Drive-By Pharming

Just when you thought Internet security couldn’t get any worse, a new hacking technique has come along that’s about as scary as it gets: Drive-By Pharming (DBP). DBP occurs “when attackers create a Web page or e-mail that, when simply viewed, results in substantive configuration changes to a home broadband router or wireless access point”. In simple English, this means that there are hackers out that that have written code that can change the settings on your home router simply by viewing an “infected” web page or HTML email.

This is scary for two reasons:

1) All you need to do is view a web page or HTML email. You don’t have to click on anything or download any type of file from an infected site – just viewing the page is enough to cause an attack.

2) The hack changes the DNS server configuration on your router. DNS servers are computers that your ISP uses to convert human-readable web addresses (such as bankofamerica.com) into a numerical IP addresses that computers on the Internet use to communicate with each other (such as 64.192.54.198). A hacker could set up a web server with a bunch of fake (but authentic looking) sites for banks and other financial institutions, then set up a DNS server that points to these fake sites. He could then set up a website or send out an email with malicious code inserted which changes your DNS settings to use his DNS server instead of your ISPs server. What makes this so scary is that the change would be invisible to you. Once infected, you could open a web browser and type “bankofamerica.com” into the address bar, and since your computer relies on DNS to connect to any website, it accepts whatever the DNS server tells it… so there wouldn’t be any way for you to know that you’re going to a fake website!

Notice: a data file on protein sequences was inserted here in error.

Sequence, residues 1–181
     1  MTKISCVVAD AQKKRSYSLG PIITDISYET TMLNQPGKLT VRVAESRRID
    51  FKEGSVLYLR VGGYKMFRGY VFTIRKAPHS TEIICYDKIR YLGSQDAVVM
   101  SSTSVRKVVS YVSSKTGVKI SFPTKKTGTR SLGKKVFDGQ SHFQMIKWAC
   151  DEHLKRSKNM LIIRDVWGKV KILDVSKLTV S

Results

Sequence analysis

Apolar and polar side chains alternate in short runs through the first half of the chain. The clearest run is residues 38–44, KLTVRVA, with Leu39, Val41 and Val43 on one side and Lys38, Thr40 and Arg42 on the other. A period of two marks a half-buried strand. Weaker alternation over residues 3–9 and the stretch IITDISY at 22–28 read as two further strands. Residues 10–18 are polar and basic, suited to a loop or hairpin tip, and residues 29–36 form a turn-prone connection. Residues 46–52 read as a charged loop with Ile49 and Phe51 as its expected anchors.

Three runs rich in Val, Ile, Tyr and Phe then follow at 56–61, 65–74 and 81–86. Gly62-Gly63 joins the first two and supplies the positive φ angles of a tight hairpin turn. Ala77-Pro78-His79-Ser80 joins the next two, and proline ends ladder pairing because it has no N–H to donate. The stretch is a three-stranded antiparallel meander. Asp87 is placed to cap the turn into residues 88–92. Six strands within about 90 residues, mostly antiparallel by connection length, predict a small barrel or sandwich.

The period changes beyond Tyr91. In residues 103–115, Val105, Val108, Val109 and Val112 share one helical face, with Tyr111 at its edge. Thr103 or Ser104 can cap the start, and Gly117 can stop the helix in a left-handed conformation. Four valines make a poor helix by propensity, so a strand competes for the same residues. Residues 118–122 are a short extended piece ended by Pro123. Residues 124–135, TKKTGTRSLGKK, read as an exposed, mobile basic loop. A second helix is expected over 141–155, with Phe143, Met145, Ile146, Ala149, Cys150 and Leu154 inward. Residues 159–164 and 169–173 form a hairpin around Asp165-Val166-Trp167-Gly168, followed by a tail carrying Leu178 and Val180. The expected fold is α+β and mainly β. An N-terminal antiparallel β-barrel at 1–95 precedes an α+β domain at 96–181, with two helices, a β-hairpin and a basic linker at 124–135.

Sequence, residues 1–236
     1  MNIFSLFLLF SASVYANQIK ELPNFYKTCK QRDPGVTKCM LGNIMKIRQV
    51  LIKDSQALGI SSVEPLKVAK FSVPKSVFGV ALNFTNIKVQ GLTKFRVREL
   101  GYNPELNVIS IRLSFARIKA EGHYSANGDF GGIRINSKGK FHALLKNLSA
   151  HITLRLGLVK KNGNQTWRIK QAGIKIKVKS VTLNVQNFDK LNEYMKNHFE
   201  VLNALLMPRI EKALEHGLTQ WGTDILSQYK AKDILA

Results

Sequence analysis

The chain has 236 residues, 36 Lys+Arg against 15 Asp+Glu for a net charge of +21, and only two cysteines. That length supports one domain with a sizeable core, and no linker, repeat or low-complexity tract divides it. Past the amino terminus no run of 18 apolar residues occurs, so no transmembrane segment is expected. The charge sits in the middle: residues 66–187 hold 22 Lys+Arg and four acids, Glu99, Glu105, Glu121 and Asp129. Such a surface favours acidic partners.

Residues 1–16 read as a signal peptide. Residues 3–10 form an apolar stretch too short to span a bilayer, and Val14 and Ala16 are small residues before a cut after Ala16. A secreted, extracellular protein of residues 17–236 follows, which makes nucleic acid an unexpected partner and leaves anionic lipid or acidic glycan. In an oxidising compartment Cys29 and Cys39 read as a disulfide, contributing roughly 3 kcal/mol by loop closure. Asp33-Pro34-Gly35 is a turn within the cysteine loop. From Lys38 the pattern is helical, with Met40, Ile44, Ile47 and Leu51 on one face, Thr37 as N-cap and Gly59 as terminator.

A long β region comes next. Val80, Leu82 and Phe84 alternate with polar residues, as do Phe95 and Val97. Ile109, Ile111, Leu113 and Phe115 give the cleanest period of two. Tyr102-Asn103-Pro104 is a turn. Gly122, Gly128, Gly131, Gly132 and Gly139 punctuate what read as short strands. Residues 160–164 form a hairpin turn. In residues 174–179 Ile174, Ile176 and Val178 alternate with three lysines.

Thankfully, most DBP exploits are easy to guard against simply by changing the password on your router. As many as 50% of home users (and a smaller, but still substantial number, of business users) never change the default password of their routers. Hackers know this, and they also know what those default passwords are… so hacking in to millions of routers is a piece of cake. By changing the default password to something else – anything else – you can stop these attacks from happening to you!

Read more about it here.

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